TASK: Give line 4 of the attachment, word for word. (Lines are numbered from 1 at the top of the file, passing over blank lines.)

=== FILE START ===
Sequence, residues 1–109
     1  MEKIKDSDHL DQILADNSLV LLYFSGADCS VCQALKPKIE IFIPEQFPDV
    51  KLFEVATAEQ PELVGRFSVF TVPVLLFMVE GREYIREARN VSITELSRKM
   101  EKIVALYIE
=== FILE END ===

   101  EKIVALYIE